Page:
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DRINKING
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[ Also see Abstinence Appetite Coffee Drink Drunkenness Festivities Guests Indulgence Inns Intemperance Liquor Prohibition Satiety Sobriety Taverns Tea Temperance Thirst Toasts Water Wine and Spirits ]

It is not the drinker, but the man who has just stopped drinking, who thinks the world is going to the dogs.
      - Henry Louis Mencken

One sip of this
  Will bathe the drooping spirits in delight,
    Beyond the bliss of dreams.
      - John Milton, Comus (l. 811)

Then to the spicy nut-brown ale.
      - John Milton, L'Allegro (l. 100)

I drink to make other people interesting.
      - George Jean Nathan

I only drink to make other people seem interesting.
      - George Jean Nathan

Let the farmer praise his grounds,
  Let the huntsman praise his hounds,
    The shepherd his dew scented lawn,
      But I more blessed than they,
        Spend each happy night and day
          With my charming little cruiskeen lan, lan, lan.
      - Old Song, Cruiskeen Lawn, an Irish song

Let the back and sides go bare, my boys,
  Let the hands and the feet gang cold;
    But give to belly, boys, beer enough,
      Whether it be new or old.
      - Old Song, The Beggar,
        old English folk song

Landlord fill the flowing bowl
  Until it doth run over;
    For to-night we'll merry be
      To-morrow we'll be sober.
      - Old Song, Three Jolly Postboys,
        18th century song

Over their cups.
  [Lat., Inter pocula.]
      - Persius (Aulus Persius Flaccus), Satires
         (I, 30)

There St. John mingles with my friendly bowl
  The feast of reason and the flow of soul.
      - Alexander Pope, Second Book of Horace
         (satire I, l. 128)

They never taste who always drink;
  They always talk who never think.
      - Matthew Prior,
        Upon a Passage in the Scaligerana

There are more old drunkards than old physicians.
  [Fr., Il y a plus de vieux ivrongnes qu'il y a de vieux medecins.]
      - Francois Rabelais, Gargantua
         (bk. I, ch. XLII)

"Nose, nose, nose, nose!
  And who gave you that jolly red nose!
    Sinamont and ginger, nutmegs and cloves,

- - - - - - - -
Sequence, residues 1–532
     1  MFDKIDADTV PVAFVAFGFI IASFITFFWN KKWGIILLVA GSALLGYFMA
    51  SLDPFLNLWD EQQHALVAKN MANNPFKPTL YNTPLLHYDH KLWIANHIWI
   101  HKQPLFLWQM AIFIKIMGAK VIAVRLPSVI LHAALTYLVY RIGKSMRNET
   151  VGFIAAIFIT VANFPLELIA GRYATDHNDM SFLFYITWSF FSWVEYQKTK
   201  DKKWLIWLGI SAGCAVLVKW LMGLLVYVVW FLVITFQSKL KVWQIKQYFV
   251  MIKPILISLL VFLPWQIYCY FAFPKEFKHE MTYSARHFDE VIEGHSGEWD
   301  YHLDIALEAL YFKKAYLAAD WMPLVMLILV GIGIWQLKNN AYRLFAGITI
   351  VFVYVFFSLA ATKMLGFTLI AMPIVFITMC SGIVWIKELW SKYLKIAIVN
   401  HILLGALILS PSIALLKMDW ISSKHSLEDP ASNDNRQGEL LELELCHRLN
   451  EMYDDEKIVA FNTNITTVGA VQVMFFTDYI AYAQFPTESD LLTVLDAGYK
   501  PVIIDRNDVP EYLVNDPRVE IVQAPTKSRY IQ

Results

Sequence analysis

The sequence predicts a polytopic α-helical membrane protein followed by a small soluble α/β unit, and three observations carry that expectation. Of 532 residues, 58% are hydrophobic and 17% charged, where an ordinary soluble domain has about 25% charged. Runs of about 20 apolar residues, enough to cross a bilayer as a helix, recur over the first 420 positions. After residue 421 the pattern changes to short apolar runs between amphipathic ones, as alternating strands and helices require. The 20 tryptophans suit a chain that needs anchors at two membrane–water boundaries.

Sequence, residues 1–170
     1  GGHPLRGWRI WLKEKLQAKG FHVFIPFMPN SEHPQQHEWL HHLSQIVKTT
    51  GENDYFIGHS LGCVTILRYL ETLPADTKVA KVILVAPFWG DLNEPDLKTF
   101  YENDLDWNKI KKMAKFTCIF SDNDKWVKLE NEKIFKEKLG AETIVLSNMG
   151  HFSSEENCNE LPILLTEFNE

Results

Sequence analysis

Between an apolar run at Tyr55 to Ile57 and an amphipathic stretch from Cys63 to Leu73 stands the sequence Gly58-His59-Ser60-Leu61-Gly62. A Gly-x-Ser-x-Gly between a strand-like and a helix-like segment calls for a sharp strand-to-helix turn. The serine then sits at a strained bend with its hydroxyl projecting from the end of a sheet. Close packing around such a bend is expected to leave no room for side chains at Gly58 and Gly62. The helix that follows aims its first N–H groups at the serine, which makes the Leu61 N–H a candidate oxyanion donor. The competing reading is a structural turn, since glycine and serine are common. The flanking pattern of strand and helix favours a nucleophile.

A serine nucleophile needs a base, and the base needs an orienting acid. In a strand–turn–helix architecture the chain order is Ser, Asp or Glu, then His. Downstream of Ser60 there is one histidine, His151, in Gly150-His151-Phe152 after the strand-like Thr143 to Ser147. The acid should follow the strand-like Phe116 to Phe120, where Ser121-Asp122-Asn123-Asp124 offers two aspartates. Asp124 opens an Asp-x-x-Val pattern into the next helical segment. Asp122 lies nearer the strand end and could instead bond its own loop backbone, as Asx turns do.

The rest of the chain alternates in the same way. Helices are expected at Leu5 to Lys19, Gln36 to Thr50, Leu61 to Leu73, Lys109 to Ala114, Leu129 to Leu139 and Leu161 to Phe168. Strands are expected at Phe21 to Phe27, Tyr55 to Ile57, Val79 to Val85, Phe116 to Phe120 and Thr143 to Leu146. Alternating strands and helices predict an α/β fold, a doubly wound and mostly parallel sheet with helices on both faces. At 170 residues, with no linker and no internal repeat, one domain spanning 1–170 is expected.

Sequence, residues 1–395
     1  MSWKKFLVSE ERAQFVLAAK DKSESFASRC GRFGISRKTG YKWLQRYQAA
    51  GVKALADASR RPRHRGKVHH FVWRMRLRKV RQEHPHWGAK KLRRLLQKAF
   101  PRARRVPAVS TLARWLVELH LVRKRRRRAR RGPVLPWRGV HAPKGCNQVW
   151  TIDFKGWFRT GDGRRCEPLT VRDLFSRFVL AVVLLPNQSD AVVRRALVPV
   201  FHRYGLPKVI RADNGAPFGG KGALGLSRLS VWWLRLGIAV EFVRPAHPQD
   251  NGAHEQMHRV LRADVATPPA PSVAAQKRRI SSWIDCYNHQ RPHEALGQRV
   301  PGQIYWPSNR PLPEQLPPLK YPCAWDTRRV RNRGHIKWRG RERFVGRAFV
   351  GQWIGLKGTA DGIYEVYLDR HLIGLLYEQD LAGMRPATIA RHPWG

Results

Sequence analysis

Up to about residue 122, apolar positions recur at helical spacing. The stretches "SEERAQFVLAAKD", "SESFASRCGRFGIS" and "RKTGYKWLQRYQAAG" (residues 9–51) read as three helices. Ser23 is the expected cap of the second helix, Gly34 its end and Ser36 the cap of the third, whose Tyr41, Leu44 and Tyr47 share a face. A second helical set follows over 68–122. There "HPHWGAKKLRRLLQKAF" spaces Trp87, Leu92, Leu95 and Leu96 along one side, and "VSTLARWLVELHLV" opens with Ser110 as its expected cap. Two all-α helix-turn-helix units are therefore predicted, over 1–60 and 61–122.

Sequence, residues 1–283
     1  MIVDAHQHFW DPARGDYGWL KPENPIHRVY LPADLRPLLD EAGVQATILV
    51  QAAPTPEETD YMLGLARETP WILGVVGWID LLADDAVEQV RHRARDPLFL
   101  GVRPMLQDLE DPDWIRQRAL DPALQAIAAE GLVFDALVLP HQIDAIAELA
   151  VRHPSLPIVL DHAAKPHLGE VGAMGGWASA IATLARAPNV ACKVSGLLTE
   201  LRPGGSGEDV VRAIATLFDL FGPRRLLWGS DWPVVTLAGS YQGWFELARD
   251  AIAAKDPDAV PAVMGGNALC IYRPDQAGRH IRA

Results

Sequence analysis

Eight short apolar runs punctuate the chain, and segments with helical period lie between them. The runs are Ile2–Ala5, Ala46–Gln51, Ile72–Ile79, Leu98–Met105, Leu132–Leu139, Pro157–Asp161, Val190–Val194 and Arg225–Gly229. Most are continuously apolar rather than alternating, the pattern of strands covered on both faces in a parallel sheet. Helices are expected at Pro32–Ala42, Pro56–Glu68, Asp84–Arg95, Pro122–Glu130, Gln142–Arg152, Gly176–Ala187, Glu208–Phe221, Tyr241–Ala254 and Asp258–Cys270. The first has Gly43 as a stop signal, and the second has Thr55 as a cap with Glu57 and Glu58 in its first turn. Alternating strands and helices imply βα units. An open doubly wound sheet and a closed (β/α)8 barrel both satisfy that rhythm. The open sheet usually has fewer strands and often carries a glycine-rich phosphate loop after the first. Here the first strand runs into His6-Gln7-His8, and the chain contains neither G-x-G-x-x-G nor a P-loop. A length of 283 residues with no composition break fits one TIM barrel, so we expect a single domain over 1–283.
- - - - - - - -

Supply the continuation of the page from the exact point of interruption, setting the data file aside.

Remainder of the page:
And that gave me my jolly red nose!"
      - Thomas Ravenscroft, Deuteromela

To drink in the spirit of a place you should be not only alone but unhurried.
      - George Santayana

This lemonade is weak like your soul--try it.
  [Ger., Die Limonade ist matt wie deine Seele--versuche!]
      - Johann Christoph Friedrich von Schiller,
        Cabale und Liebe (V, 7)

Of all the vices drinking is the most incompatible with greatness.
      - Sir Walter Scott

I have very poor and unhappy brains for drinking; I could well wish courtesy would invent some other custom of entertainment.
      - William Shakespeare,
        Othello the Moor of Venice
         (Cassio at II, iii)

Come, gentlemen, I hope we shall drink down all unkindness.
      - William Shakespeare,
        The Merry Wives of Windsor
         (Anne Page at I, i)

Why, thou deboshed fish thou, was there ever man a coward that hath drunk so much sack as I to-day? Wilt thou tell a monstrous lie, being but half a fish and half a monster?
      - William Shakespeare, The Tempest
         (Trinculo at III, ii)

I'm only a beer teetotaller, not a champagne teetotaller.
      - George Bernard Shaw, Candida

This bottle's the sun of our table,
  His beams are rosy wine;
    We planets that are not able
      Without his held to shine.
      - Richard Brinsley Sheridan, The Duenna
         (act III, sc. 5)

I drink to the confusion of our enemies.
      - Frank Sinatra

If all be true that I do think,
  There are five reasons we should drink;
    Good wine--a friend--or being dry--
      Or lest we should be by and by--
        Or any other reason why.
          [Lat., Si bene commemini, causae sunt quinque bibendi;
            Hospitis adventus, praesens sitis, atque futura,
              Aut vini bonitas, aut quaelibet altera causa.]
      - attributed to Jean Sirmond,
        by Menage and De la Monnoye, see "Menagiana," vol. I, p. 172

Back and side go bare, go bare,
  Both foot and hand go cold;
    But belly, God send thee good ale enough,
      Whether it be new or old.
      - Bishop John Still, Gammer Gurton's Needle
         (act II)

I cannot eat but little meat,
  My stomach is not good;
    But sure I think that I can drink
      With him that wears a hood.
      - Bishop John Still, Gammer Gurton's Needle
         (act II)


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